Chicago Cubs' 3 Sleeper Prospects to Watch in Spring Training
It's no secret that the only hope that exists for the Chicago Cubs is in their farm system. Top to bottom, they're one of the best in baseball; they were ranked No 4, according to Keith Law of ESPN Insider (subscription required).
Names like Kris Bryant, Javier Baez, Albert Almora and Jorge Soler have become commonplace in Chicago as optimistic fans look past this season and into 2015 and beyond. However, the entire farm system doesn't consist of elite prospects who are sure to make an impact at the major league level.
There are always players who burst onto the scene that nobody sees coming. Hopefully for the Cubs faithful, most of their top prospects will pan out. If they don't, here are three players who could take over or be vital role players in years to come.
No. 3: Logan Watkins, 2B
Kansas native Logan Watkins (23) isn't going to be a superstar in the major leagues, but his ability to play multiple positions and hit left-handed makes him attractive as a utility man in the future. He plays second base primarily but can move around the infield where needed.
While being a utility man may not seem like anything special, think back to the Cubs' 2007 and 2008 seasons. Mark DeRosa was a utility man extraordinaire for the Cubs in those two playoff seasons and was a key cog even though he wasn't the flashiest or most talented player on the team.
In just 38 at-bats at the major league level last season, Watkins recorded eight hits. With such a small sample size, the low average isn't a concern, but he will need to work on his lack of power to the gaps if he wants to stick at the major league level. Only once in his minor league career did he hit 20 doubles.
In 2015 and beyond, Cubs fans will be talking about Baez, Bryant, Almora and Soler for good reason. They're stars in the making, at least in the eyes of professional baseball scouts. However, every competing team needs that role player who can be depended on even when he's not a star. Watkins could be that piece for the Cubs and play an important role in the future.
No. 2: Arodys Vizcaino, RHP
Arodys Vizcaino is a young flamethrower from the Dominican Republic who could make the Cubs bullpen out of spring training. He has all of the tools to be a difference-maker at the big league level: a fastball that averages 96 mph, a slider and curveball that he features routinely, and a changeup that he uses selectively. So what's the catch?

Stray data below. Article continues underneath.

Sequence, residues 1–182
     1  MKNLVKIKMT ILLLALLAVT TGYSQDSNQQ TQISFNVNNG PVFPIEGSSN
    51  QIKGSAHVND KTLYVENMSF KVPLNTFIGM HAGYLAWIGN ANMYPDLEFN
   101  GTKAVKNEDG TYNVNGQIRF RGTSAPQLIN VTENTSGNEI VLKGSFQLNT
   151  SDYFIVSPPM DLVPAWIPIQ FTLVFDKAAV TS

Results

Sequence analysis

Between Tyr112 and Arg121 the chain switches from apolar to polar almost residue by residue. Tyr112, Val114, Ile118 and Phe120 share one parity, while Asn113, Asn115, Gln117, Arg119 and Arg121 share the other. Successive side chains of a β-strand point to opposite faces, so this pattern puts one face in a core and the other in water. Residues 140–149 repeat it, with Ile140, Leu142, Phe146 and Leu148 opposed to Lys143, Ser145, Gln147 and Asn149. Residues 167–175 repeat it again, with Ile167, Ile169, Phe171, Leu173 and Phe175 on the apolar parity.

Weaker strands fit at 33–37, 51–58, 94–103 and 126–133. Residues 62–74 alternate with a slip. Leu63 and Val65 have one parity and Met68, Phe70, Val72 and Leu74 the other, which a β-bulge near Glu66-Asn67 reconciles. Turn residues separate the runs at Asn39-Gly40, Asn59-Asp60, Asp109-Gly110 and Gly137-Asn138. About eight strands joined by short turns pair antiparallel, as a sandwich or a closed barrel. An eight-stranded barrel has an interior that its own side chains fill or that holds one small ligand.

He hasn't thrown a pitch in the majors or minors since 2011.
Acquired in the Paul Maholm trade with the Braves in 2012, the Cubs originally knew what they were getting into with Vizcaino; he had Tommy John surgery on March 20, 2012. He was a top prospect with injury issues—exactly the type of rebuilding project Cubs brass has enjoyed taking on.
However, what members of the front office didn't anticipate was an even further setback in his recovery. While recovering from Tommy John surgery, Vizcaino developed a calcium buildup in his elbow and had to get arthroscopic surgery to correct it. That setback shelved him for the remainder of 2013, when the Cubs had hoped to have him by the second half.
If he can stay healthy this season, which he is as of right now, he could be an overlooked difference-maker on the North Side this season. Before his injury, he was the No. 2-ranked prospect in the Braves organization. Additionally, in 2011 Vizcaino sped through the minor leagues, starting in high-A ball and finishing the season in the major leagues.
With a very fresh arm at just 23 years old, Vizcaino has the tools to be an effective pitcher at the major league level. Due to an extensive injury history, it's more likely that he will be featured in the bullpen than the starting rotation. Pending injury, look for him to be a setup man or closer in the not-so-distant future.
No. 1: Arismendy Alcantara, 2B
Probably the most well-known player on this list, Arismendy Alcantara is a player who is on the verge of making an impact with the Cubs right now. Due to the club's desperate need of offensive production at second base, if he can blow officials away in spring training, making the Opening Day roster isn't out of the realm of possibility.
Making the big league team out of camp will be tough, given that he has never played at the Triple-A level, but he has methodically worked his way through the minor leagues in the Epstein-Hoyer model of player development.
In 2010, Alcantara played his entire season at the low-A level. The next year he played his entire season at A-ball; in 2012 he played his entire season at high-A; and last season he played the entire year for the Double-A affiliate of the Cubs, the Tennessee Smokies.
After playing on all those different levels of minor league competition, Alcantara took a huge step forward last season in Tennessee. While he only batted .271, he hit 15 home runs and drove in 69 while stealing 31 bases. That's a pretty solid No. 2 hitter in the major leagues.
In reality, translating those numbers to the big leagues will be a challenge for him. For someone without huge power upside, he strikes out a lot. Last season in Double-A, he struck out 125 times in 494 at-bats. He will have to put the bat on the ball more consistently this spring and into 2014 to convince the Cubs front office that he can make a difference going forward.
While Alcantara is the No. 4 second base prospect in baseball, according to MLB.com, he still isn't talked about nearly as much as some of the other top prospects in the organization. For that reason, he is the top sleeper in a long line of Cubs prospects.
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